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From aaron morton <aa...@thelastpickle.com>
Subject Re: Hinted Handoff storage inflation
Date Thu, 25 Oct 2012 01:05:13 GMT
Hints store the columns, row key, KS name and CF id(s) for each mutation to each node. Where
an executed mutation will store the most recent columns collated with others under the same
row key. So depending on the type of mutation hints will take up more space. 

The worse case would be lots of overwrites. After that writing a small amount of data to many
rows would result in a lot of the serialised space being devoted to row keys, KS name and
CF id.

16Gb is a lot though. What was the write workload like ?
You can get an estimate on the number of keys in the Hints CF using nodetool cfstats. Also
some metrics in the JMX will tell you how many hints are stored. 

> This has a huge impact on write performance as well.
Yup. Hints are added to the same Mutation thread pool as normal mutations. They are processed
async to the mutation request but they still take resources to store. 

You can adjust how long hints a collected for with max_hint_window_in_ms in the yaml file.


How long did the test run for ? 


Cheers

-----------------
Aaron Morton
Freelance Developer
@aaronmorton
http://www.thelastpickle.com

On 25/10/2012, at 11:26 AM, Mattias Larsson <mlarsson@yahoo-inc.com> wrote:

> 
> I'm testing various scenarios in a multi data center configuration. The setup is 10 Cassandra
1.1.5 nodes configured into two data centers, 5 nodes in each DC (RF DC1:3,DC2:3, write consistency
LOCAL_QUORUM). I have a synthetic random data generator that I can run, and each run adds
roughly 1GiB of data to each node per run,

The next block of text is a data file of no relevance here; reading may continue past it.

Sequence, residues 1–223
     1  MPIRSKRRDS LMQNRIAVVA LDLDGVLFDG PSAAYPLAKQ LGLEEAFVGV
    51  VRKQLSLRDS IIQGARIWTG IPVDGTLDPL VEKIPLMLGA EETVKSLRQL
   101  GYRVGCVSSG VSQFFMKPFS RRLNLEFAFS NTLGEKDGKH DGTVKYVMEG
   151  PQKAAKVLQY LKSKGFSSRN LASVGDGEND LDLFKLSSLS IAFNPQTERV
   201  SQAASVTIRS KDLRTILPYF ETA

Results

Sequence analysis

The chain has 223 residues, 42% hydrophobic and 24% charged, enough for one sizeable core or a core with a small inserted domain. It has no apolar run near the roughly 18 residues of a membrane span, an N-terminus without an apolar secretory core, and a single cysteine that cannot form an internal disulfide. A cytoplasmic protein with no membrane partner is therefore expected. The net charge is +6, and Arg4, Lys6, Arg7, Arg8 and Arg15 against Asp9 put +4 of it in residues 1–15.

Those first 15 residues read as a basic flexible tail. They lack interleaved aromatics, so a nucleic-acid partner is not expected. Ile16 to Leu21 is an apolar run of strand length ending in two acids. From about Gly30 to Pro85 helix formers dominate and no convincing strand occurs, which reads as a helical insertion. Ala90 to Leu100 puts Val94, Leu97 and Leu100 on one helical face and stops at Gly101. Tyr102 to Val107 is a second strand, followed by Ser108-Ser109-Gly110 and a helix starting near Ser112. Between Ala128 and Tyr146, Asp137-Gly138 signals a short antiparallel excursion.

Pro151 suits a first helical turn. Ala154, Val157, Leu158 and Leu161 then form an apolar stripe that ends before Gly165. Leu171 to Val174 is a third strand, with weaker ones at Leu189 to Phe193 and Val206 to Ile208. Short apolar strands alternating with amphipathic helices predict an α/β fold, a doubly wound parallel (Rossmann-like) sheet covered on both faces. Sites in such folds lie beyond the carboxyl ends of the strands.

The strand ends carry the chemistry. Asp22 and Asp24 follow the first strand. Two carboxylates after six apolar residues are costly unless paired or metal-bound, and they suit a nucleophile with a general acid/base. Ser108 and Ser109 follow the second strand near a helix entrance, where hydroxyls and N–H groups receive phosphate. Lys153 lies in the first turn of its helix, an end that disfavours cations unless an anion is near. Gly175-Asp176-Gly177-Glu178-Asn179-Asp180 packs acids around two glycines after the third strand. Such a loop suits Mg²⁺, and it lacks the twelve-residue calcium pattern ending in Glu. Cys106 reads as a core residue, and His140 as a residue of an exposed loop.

> 
> DC          Rack        Status State   Load            Effective-Ownership
> 
> DC1         RAC1        Up     Normal  1010.71 MB      60.00%             
> DC2         RAC1        Up     Normal  1009.08 MB      60.00%             
> DC1         RAC1        Up     Normal  1.01 GB         60.00%             
> DC2         RAC1        Up     Normal  1 GB            60.00%             
> DC1         RAC1        Up     Normal  1.01 GB         60.00%             
> DC2         RAC1        Up     Normal  1014.45 MB      60.00%             
> DC1         RAC1        Up     Normal  1.01 GB         60.00%             
> DC2         RAC1        Up     Normal  1.01 GB         60.00%             
> DC1         RAC1        Up     Normal  1.01 GB         60.00%             
> DC2         RAC1        Up     Normal  1.01 GB         60.00%             
> 
> Now, if I kill all the nodes in DC2, and run the data generator again, I would expect
roughly 2GiB to be added to each node in DC1 (local replicas + hints to other data center),
instead I get this:
> 
> DC          Rack        Status State   Load            Effective-Ownership
> 
> DC1         RAC1        Up     Normal  17.56 GB        60.00%             
> DC2         RAC1        Down   Normal  1009.08 MB      60.00%             
> DC1         RAC1        Up     Normal  17.47 GB        60.00%             
> DC2         RAC1        Down   Normal  1 GB            60.00%             
> DC1         RAC1        Up     Normal  17.22 GB        60.00%             
> DC2         RAC1        Down   Normal  1014.45 MB      60.00%             
> DC1         RAC1        Up     Normal  16.94 GB        60.00%             
> DC2         RAC1        Down   Normal  1.01 GB         60.00%             
> DC1         RAC1        Up     Normal  17.26 GB        60.00%             
> DC2         RAC1        Down   Normal  1.01 GB         60.00%             
> 
> Checking the sstables on a node reveals this,
> 
> -bash-3.2$ du -hs HintsColumnFamily/
> 16G	HintsColumnFamily/
> -bash-3.2$
> 
> So it seems that what I would have expected to be 1GiB of hints is much larger in reality,
a 15x-16x inflation. This has a huge impact on write performance as well.
> 
> If I bring DC2 up again, eventually the load will drop down and even out to 2GiB across
the entire cluster.
> 
> I'm wondering if this inflation is intended or if it is possibly a bug or something I'm
doing wrong? Assuming this inflation is correct, what is the best way to deal with temporary
connectivity issues with a second data center? Write performance is paramount in my use case.
A 2x-3x overhead is doable, but not 15x-16x.
> 
> Thanks,
> /dml
> 
> 


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